The Chinese regime has not even been able to export ideas to Taiwanese and Hong Kong Chinese, as their recent attempts to defend their political values have shown.
Some commentators have suggested that China has recently gained soft power because of its successful containment of the coronavirus. However, many have questioned China’s success in combating the virus and the narrative of Chinese success has met with little credence internationally. Chinese credibility was further undermined when the UK paid two Chinese companies $20 million for Covid tests that did not work.
China simply does not have a universalist narrative or imperial mission. It has no value it champions and claims to wish to impose globally—no overarching ideal that plays the role democracy and human rights do for the US and communism did for the Soviet Union. As historians have recognised since Thucydides, hegemonia (legitimated leadership) is different from arkhe (imposed control). No country has ever attained superpower status through brute force alone. Soft power is also necessary.
China also lacks soft power within its own nation. The country is a one-party state and therefore has no legitimate social contract. Ethnic minorities in China have to be pacified by force—an inherently unstable situation. Modern China is acting like a Han Chinese nationalist state, as their treatment of the Uyghurs in Xinjiang vividly demonstrates. Chinese rule in Tibet is also imposed with an iron fist.
The treatment of the Uyghurs could alienate potential allies in Central Asia, such as other Turkic people like the Kazakhs, Kyrgyz, Turkmens and Uzbeks. And, although many Muslim countries have been turning a blind eye to China’s oppression of its Muslim population, public opinion in Muslim countries may prevent those countries from cooperating with China.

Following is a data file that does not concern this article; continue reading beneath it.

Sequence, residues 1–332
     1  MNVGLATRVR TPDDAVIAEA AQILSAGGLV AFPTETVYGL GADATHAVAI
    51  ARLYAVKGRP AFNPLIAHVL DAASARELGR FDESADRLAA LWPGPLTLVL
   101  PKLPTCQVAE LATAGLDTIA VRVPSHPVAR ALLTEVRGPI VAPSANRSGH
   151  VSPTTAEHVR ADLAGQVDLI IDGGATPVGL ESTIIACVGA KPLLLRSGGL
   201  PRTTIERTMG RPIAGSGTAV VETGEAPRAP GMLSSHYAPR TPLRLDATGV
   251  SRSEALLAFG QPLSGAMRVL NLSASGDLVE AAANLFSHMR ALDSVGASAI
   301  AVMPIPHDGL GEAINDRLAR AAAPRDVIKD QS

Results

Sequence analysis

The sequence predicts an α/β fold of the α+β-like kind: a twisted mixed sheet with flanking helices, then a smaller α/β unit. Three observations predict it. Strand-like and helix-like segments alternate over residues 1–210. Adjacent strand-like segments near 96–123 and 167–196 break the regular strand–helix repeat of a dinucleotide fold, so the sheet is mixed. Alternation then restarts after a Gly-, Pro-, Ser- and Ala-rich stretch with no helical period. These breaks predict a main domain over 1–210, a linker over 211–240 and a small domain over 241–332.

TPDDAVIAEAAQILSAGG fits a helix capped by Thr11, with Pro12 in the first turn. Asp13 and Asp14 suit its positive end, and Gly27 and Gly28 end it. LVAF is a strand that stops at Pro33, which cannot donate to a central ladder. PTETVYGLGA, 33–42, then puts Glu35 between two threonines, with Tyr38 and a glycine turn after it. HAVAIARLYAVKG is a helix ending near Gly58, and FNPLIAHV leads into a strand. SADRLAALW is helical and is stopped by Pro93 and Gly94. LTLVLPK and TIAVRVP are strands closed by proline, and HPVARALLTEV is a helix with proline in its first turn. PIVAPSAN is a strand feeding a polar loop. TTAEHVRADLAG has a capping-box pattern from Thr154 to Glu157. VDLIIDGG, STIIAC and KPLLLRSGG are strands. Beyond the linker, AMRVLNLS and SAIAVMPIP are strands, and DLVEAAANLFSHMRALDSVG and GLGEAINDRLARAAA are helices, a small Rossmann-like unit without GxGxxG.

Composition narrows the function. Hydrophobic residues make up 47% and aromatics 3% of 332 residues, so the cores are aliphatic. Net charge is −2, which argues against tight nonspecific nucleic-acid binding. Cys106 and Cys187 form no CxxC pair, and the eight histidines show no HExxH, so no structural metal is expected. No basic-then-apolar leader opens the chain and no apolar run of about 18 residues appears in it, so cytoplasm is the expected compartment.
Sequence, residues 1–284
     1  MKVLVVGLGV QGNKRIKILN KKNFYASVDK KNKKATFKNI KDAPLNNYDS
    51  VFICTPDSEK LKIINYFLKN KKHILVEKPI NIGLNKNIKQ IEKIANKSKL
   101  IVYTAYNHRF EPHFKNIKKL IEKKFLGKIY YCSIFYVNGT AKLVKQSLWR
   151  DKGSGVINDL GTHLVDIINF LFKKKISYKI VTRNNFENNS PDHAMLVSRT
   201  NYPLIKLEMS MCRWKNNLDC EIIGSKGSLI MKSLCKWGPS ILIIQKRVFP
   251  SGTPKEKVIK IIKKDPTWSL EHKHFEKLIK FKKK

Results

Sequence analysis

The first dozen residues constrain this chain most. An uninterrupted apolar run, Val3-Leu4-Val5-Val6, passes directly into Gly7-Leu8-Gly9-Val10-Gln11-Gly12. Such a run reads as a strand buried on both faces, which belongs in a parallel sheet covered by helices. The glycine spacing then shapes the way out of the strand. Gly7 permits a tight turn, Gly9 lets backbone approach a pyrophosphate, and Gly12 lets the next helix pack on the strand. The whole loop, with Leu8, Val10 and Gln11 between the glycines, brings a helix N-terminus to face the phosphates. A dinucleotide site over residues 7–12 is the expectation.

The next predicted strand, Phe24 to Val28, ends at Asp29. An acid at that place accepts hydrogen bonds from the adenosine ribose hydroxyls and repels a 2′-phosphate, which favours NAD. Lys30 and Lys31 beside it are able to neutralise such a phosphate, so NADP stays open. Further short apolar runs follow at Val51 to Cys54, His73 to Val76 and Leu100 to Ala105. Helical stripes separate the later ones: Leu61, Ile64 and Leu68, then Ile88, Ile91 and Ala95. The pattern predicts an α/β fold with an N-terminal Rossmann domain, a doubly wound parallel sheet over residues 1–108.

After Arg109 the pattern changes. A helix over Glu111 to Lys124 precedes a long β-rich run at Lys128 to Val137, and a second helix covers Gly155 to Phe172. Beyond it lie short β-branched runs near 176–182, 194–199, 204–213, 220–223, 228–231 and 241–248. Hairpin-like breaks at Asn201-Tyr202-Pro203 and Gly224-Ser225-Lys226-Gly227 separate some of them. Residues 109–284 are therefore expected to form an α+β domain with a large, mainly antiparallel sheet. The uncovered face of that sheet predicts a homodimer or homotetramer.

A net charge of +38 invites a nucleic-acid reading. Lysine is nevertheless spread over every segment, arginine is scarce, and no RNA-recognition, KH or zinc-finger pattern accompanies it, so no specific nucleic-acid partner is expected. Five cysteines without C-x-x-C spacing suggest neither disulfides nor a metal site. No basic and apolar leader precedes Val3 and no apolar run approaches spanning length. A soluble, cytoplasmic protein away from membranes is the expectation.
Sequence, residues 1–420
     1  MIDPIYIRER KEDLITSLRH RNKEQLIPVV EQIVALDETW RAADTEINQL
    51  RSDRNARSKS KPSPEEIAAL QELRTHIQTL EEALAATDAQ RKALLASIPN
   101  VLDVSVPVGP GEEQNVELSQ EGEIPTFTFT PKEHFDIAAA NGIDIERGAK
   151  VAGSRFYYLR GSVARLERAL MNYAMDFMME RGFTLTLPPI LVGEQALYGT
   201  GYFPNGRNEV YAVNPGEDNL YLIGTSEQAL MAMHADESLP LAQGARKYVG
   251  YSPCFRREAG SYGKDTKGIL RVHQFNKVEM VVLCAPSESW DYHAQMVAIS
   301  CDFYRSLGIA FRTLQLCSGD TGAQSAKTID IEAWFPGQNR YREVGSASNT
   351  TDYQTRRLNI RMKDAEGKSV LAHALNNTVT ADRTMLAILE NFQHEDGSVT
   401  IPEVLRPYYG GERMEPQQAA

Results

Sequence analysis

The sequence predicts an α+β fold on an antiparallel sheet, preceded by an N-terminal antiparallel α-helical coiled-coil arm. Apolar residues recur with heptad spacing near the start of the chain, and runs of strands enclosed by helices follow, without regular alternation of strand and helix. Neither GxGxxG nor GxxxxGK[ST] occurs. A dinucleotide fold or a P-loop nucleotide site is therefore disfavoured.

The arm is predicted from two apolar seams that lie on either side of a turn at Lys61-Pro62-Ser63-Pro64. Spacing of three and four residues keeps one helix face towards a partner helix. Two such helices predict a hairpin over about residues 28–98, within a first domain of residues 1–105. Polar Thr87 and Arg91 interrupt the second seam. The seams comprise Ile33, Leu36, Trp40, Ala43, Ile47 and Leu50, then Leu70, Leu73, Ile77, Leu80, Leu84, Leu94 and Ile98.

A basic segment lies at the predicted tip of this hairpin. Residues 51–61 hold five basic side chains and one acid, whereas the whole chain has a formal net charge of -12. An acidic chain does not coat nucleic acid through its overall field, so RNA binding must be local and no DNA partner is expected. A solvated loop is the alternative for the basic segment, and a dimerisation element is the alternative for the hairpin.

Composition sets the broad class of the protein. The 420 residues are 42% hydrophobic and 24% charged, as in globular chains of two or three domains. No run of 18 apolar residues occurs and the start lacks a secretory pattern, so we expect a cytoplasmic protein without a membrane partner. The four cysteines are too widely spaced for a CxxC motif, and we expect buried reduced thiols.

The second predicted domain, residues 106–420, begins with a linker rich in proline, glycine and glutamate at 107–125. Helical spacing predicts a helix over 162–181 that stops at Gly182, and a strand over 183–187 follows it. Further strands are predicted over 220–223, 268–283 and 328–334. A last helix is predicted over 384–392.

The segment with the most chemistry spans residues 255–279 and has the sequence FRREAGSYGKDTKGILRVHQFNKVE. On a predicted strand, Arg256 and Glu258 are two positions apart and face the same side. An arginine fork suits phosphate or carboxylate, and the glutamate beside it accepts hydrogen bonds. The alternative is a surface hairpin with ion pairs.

In addition, as Minxin Pei has shown, Xi has monopolized power and decreased the influence of the politburo. The CCP will face a succession crisis after Xi’s demise or fall from power.
China’s power, then, is subject to many constraints. The country lacks powerful allies, is not a local hegemon and has almost no soft power, since the communist regime holds little appeal for most other nations. The regime is inherently fragile because of its concentration of power in a single strongman, its undemocratic system and the discontent of its ethnic minorities. The government is using brute force to hold the country together—but for how long?
The basic points here have been made elsewhere, of course, and are not obviously wrong: China does lack soft power; it doesn’t have the military capability of the US; it does antagonise neighbours. If China becomes a dominant power, it will not be one the same way the US is or was, either 1945-89, or now in the 2010s and 2020s (with the period of US dominance from 1990 to about 2008 unlikely to be replicated for a very long time indeed). However, I would not say the relationship between Russia and China “may not last, given the more amicable relations between the US and Russia in recent years” – Russia-US relations are not amicable and are unlikely to be so for the next decade, until there is a major change in leadership priorities. And while I can only speak for Taipei (Taibei) and not Seoul, Tokyo or Singapore, young… Read more »